What is viscosity? Simply put, it is the thickness of a fluid and its ability to flow. Viscosity is measured in Centipoise (cP) or Centistokes (cSt). For example, water has a viscosity of 1 cP at 20°C, whereas toothpaste is 100,000 cP. When you compare it to toothpaste, water is thinner and will flow a lot quicker and easier. In this instance, you’re never going to confuse the two and their viscosity, but when products have a generic term, it’s not quite so simple!
Is All Oil The Same?
When searching for an oil pump, simply stating that you need a pump for oil is not sufficient. It is important to consider the specific type of oil and its viscosity, as oils can vary greatly in these aspects. Failing to provide this information can result in issues with the pump’s performance or even the inability to pump the oil at all. If a customer requests a pump for motor oil, for instance, we would inquire about the grade of the oil to ensure compatibility. This is because different grades of motor oil can have significantly different viscosities, with SAE 10 having a viscosity of 50cP and SAE 40 having a much thicker viscosity of 540cP.
To ensure that you select the appropriate pump for your needs, a crucial question is, “Can you verify the viscosity?” When it comes to fluids like water, alcohol, and even milk, their low viscosities mean they offer minimal resistance to flow. However, with substances such as oil, varnish, yoghurt, or honey, viscosity plays a substantial role in determining the most suitable pump. As the viscosity increases, indicating a thicker product, it becomes more challenging to pump, necessitating the use of a pump specifically designed for higher viscosities.
Even once you have considered the fluid’s viscosity, it does not mean you are ready to buy a pump. Certain fluids have viscosities that can change based on the temperature at which they are pumped. The higher the temperature, the thinner the fluid becomes, resulting in a lower viscosity. Consider butter as an example. At 5°C, butter is solid and can be difficult to spread. However, at room temperature, it becomes more pliable. Heating it further transforms it into a liquid, making it easy to pour. Therefore, the temperature at which you pump the fluid will often be a requirement as well.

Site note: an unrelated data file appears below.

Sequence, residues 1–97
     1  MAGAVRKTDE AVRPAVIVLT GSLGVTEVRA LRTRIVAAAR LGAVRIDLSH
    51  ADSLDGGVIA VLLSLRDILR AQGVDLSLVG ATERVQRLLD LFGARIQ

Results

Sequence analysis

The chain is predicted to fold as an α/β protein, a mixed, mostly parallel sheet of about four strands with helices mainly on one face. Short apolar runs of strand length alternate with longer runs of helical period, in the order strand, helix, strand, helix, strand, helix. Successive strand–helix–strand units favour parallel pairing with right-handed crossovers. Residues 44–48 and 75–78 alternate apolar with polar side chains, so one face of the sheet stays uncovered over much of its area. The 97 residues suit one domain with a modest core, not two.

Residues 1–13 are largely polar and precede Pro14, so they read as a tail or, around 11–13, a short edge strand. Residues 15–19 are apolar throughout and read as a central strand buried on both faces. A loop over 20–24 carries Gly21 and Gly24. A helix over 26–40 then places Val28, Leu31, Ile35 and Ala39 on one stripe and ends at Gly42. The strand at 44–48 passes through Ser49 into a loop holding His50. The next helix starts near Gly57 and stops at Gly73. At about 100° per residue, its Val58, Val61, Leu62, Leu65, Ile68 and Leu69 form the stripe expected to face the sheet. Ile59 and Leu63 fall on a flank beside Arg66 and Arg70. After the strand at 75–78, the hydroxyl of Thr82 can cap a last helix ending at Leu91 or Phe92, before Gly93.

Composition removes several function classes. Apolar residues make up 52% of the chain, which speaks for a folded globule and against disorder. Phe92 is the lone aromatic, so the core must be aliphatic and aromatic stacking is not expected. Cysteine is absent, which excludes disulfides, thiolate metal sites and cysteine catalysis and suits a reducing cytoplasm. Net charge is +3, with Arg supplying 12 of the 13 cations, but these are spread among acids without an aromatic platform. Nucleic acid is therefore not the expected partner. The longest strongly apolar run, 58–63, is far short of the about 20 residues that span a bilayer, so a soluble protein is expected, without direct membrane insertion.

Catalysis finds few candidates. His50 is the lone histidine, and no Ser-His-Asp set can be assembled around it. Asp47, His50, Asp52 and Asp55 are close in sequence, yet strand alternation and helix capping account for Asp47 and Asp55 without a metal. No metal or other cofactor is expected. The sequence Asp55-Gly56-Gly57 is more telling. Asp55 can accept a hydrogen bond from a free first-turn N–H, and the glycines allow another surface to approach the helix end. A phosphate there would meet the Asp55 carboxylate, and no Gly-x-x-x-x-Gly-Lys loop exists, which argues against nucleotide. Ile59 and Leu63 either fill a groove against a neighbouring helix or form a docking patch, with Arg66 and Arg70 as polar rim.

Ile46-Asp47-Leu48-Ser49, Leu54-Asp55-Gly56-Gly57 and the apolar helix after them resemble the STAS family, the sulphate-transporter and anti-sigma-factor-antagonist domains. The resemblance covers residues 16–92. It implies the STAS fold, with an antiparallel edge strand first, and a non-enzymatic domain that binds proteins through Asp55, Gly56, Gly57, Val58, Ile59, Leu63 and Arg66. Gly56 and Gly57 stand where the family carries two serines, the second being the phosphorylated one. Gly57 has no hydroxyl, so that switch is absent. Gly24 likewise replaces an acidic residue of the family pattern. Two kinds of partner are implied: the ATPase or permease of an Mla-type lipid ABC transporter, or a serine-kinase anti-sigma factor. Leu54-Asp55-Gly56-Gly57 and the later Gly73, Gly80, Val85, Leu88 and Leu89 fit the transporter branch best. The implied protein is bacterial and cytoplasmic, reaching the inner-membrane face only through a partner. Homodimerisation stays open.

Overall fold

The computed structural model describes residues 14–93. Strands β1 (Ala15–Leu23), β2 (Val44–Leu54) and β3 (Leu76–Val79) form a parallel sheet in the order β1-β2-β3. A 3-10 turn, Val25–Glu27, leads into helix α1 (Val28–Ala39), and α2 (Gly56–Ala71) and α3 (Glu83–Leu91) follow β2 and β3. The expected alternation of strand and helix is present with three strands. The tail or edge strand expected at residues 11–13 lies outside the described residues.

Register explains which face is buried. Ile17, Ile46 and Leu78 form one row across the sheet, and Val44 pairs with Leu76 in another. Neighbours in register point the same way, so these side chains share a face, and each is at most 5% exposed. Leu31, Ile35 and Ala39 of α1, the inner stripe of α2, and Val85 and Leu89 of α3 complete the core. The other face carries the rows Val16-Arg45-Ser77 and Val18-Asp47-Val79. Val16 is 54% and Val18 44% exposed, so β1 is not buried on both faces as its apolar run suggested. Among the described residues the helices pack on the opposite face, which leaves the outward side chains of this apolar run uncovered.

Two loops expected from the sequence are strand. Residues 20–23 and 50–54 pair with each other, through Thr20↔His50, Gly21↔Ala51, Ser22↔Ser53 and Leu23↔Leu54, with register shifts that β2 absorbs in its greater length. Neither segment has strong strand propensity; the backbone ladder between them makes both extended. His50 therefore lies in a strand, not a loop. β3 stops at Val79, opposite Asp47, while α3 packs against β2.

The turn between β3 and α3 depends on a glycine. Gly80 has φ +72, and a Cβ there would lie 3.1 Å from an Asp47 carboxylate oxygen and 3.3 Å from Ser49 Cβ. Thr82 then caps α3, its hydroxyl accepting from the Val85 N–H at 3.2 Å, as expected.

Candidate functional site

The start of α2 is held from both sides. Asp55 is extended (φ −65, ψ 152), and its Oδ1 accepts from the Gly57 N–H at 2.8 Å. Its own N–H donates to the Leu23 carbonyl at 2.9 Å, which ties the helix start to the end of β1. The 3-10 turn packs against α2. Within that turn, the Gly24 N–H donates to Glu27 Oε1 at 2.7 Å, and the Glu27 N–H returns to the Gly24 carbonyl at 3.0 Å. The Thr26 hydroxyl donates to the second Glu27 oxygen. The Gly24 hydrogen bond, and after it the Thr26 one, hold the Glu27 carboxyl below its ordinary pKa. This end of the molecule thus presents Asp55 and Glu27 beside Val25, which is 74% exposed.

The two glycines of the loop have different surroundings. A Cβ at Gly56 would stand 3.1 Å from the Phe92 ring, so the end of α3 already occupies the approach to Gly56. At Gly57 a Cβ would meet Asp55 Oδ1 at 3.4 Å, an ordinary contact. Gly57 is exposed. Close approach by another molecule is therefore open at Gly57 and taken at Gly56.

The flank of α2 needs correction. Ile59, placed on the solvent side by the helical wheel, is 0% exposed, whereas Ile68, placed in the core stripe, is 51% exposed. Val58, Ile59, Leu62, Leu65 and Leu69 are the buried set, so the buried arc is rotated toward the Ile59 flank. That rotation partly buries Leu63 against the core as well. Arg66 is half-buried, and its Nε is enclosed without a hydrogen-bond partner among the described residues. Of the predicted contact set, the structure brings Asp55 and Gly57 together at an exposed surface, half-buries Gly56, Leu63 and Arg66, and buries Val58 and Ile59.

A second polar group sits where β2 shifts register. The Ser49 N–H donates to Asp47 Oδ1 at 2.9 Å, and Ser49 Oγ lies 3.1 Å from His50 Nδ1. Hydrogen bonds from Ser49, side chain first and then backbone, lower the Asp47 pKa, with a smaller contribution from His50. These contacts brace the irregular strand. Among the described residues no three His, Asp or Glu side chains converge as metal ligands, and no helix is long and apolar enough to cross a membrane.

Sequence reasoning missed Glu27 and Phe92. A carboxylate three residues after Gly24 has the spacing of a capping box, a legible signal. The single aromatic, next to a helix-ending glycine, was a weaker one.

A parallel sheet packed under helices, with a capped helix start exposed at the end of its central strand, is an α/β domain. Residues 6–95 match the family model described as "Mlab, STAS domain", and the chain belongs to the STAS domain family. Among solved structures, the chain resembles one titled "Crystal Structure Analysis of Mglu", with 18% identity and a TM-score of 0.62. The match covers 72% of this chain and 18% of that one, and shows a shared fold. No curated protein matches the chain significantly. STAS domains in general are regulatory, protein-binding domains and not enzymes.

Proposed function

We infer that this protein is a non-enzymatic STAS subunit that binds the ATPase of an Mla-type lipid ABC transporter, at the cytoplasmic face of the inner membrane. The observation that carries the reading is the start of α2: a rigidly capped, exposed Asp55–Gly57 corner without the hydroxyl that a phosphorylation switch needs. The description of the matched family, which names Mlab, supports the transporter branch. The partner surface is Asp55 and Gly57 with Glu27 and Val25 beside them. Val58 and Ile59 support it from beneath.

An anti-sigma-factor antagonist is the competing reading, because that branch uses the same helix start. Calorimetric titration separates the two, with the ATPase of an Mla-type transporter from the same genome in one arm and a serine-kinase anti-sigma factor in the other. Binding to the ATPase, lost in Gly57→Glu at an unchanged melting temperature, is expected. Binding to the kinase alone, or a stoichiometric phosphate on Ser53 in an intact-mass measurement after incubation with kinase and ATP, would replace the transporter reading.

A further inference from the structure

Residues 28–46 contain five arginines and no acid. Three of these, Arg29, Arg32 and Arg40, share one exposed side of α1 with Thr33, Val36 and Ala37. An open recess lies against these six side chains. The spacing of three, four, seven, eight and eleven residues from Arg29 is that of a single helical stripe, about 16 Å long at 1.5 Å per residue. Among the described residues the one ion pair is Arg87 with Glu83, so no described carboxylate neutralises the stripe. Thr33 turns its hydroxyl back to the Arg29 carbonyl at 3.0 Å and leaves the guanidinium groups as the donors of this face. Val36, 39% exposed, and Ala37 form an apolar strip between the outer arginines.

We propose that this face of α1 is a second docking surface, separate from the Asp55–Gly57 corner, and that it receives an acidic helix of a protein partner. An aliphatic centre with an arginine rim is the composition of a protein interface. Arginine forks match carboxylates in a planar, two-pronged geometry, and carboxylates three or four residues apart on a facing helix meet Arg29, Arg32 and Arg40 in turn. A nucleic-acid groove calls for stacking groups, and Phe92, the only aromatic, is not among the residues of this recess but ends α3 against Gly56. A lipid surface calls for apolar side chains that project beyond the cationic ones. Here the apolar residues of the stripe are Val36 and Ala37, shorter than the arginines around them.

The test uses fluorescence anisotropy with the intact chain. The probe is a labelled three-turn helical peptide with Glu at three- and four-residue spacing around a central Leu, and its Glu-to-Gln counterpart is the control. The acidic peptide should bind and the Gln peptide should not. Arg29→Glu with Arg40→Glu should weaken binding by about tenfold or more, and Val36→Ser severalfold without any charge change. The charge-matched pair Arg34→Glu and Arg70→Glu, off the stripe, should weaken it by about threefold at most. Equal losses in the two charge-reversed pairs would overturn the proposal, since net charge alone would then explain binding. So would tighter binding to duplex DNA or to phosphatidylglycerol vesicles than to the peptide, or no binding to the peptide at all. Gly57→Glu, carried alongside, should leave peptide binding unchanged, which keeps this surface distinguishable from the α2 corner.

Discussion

Let’s Dive into The World of Science!
Newtonian fluids are a classification for all liquids that maintain a consistent viscosity despite varying levels of shear stress and temperature. This category includes substances like water, alcohol, and mineral oil, which do not change their thickness or thinness even when agitated.
The viscosity of non-Newtonian fluids can change based on the product’s composition and its response to applied shear. There are four distinct ways in which the liquid can react: Dilatant (Shear Thickening), Pseudoplastic (Shear Thinning), Rheopectic, and Thixotropic. The high-viscosity dispensing equipment is used to increase stability, reduce contamination, and prolong product life.
Dilatant and Pseudoplastic fluids exhibit changes in viscosity based on the application of force. The provided graph illustrates that Dilatant liquids significantly increase in thickness when subjected to force, similar to a mixture of cornflour and water. On the other hand, Pseudoplastic liquids behave oppositely, becoming less viscous under increasing stress, just like tomato sauce.
Rheopectic and Thixotropic substances also experience changes in viscosity as a result of prolonged stress. For instance, whipping cream for an extended period of time causes it to thicken significantly, while stirring honey over time makes it more fluid.
The detailed information provided indicates that pumps designed for viscous fluids have specific requirements that influence your selection process. A provider’s goal is to ask the necessary questions to ensure they choose the appropriate pump for your application and avoid any incorrect choices.